Maximilian von Weichs

Maximilian Maria Joseph Karl Gabriel Lamoral Reichsfreiherr[1] von und zu Weichs an der Glon (12 November 1881 – 27 September 1954) was a field marshal in the Wehrmacht of Nazi Germany during World War II.

Maximilian von Weichs
Maximillian von Weichs.jpg
Weichs as Generalfeldmarschall
Born(1881-11-12)12 November 1881
Dessau, German Empire
Died27 September 1954(1954-09-27) (aged 72)
Bonn, West Germany
Allegiance German Empire
 Weimar Republic
 Nazi Germany
Service/branchArmy (Wehrmacht)
Years of service1900–45
RankWehrmacht GenFeldmarschall 1942h1.svg Generalfeldmarschall
Commands held1st Panzer Division
XIII Corps
2nd Army
Army Group B
Army Group F
OB Südost
Battles/warsWorld War I

World War II

AwardsKnight's Cross of the Iron Cross with Oak Leaves
SignatureMaximilian von Weichs Signature.svg

Born into an aristocratic family, Weichs joined the Bavarian cavalry in 1900 and fought in the First World War. At the outbreak of the Second World War he commanded the XIII Corps in the invasion of Poland. He later commanded the 2nd Army during the invasions of France, Yugoslavia and the Soviet Union.

In August 1942 during Case Blue, the German offensive in southern Russia, he was appointed commander of Army Group B. In 1944, Weichs commanded Army Group F in the Balkans overseeing the German retreat from Greece and most of Yugoslavia. During the Nuremberg Trials, Weichs was implicated in war crimes committed in the Balkans and was scheduled to take part in the US Army's Hostages Trial. He was removed from the proceeding for "medical reasons" without having been judged or sentenced.

Early life and careerEdit

World War IEdit

Born in 1881 into an aristocratic family, Maximilian von Weichs entered the Bavarian Cavalry in 1900 and participated in World War I as a staff officer. After the war he remained in the newly created Reichswehr where he worked at a number of General Staff positions.

Inter-war yearsEdit

Generals Milch, Keitel, Brauchitsch, Admiral Raeder and Weichs at the 1938 Nuremberg Rally

Transferred from the 3rd Cavalry Division to command Germany's 1st Panzer Division upon its formation in October 1935, he led the unit in maneuvers that impressed Army Commander in Chief Werner von Fritsch.[2] Weichs' aristocratic and cavalry credentials demonstrated the continuing influence of these military elites in Germany's modernizing force.[3] In October 1937 he became the commander of the 13th Army Corps, that later served in the 1938 German annexation of the Sudetenland.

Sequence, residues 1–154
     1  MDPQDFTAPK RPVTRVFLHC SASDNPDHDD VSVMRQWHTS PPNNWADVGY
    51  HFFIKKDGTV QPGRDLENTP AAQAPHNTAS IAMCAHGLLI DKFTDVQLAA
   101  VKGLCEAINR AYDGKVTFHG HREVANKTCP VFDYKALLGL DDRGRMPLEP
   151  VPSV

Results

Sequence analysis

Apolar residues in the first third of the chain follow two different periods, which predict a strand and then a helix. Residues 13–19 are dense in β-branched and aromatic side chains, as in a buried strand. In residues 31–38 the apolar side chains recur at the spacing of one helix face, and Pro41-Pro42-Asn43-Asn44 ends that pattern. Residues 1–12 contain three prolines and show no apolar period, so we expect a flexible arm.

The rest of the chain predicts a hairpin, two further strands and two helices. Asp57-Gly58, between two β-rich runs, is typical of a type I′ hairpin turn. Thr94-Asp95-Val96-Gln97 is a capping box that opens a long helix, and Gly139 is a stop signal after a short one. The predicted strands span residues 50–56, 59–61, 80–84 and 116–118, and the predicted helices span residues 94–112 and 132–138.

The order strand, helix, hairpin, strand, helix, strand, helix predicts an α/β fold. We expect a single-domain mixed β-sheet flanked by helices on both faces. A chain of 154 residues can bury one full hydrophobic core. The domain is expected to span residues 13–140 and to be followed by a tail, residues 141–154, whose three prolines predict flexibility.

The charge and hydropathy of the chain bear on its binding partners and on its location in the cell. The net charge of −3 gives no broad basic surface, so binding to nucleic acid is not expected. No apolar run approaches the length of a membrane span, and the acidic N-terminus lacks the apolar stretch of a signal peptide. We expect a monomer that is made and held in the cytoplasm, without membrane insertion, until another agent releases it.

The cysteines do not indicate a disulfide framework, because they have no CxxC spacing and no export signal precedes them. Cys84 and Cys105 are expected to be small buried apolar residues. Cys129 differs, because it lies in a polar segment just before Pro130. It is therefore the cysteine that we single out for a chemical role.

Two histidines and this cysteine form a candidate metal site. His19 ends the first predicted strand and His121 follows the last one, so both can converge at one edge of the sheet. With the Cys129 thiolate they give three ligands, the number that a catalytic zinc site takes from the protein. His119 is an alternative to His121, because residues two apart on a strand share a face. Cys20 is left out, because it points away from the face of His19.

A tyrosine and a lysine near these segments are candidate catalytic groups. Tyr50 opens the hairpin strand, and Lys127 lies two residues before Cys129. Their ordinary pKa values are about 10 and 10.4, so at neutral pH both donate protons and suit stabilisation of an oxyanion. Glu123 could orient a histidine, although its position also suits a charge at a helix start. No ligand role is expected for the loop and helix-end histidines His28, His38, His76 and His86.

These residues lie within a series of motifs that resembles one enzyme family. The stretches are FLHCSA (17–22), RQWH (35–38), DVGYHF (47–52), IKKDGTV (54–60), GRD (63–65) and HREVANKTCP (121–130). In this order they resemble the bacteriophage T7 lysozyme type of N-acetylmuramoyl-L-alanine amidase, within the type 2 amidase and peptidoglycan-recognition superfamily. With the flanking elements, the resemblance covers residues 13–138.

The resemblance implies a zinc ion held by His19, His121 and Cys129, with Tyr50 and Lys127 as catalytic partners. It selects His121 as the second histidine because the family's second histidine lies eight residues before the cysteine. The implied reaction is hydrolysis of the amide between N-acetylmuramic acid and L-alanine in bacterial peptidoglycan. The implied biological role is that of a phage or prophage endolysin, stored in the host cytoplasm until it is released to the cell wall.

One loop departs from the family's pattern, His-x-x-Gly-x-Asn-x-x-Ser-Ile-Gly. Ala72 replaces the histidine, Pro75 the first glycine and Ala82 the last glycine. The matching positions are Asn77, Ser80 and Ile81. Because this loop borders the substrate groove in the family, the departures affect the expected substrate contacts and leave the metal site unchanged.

World War IIEdit

Weichs (third from left) with Johannes Blaskowitz (right, holding map) in Warsaw during the invasion of Poland, 1939

To prepare for the German invasion of Poland beginning World War II in 1939, Weichs was appointed head of his own Army Corps "Weichs". After the Polish surrender, he was made Commander-in-Chief of the 2nd Army, a part of Rundstedt's Army Group A in the West. After the Battle of France, he was awarded the Knight's Cross of the Iron Cross and promoted to colonel-general. Leading his army, Weichs later took part in the Balkans Campaign, and in preparation for Operation Barbarossa, the German invasion of the Soviet Union, he was assigned to lead the 2nd Army as a part of Fedor von Bock’s Army Group Centre. He led the 2nd Army in 1941 through the Battle of Kiev, the Battle of Smolensk, and then on to Vyazma and Bryansk.

Gerd von Rundstedt with Weichs in France, June 1940

In 1942, for Fall Blau, Weichs was assigned to lead the newly created Army Group B.[4] Army Group B was composed of Salmuth's 2nd Army, Hoth’s 4th Panzer Army, and Paulus's 6th Army. In addition to the German armies, Army Group B included the 2nd Hungarian Army, 8th Italian Army, the Third and the Fourth Romanian Armies. The 6th Army was assigned to take the city of Stalingrad and cover approximately 800 km of front.

Weichs (right) in Russia during Case Blue, September 1942

The Soviet Operation Uranus broke through the Romanian armies on his flanks, cutting off the 6th Army inside Stalingrad. Suggesting retreat, Weichs fell out of Hitler’s favor. Consequently, parts of Army Group B were taken away from the command of Weichs and incorporated into a new "Army Group Don", led by Manstein. Later in February, the remaining part merged with the Don Group into a newly reinstated Army Group South, also led by Manstein. Weichs was relieved of command.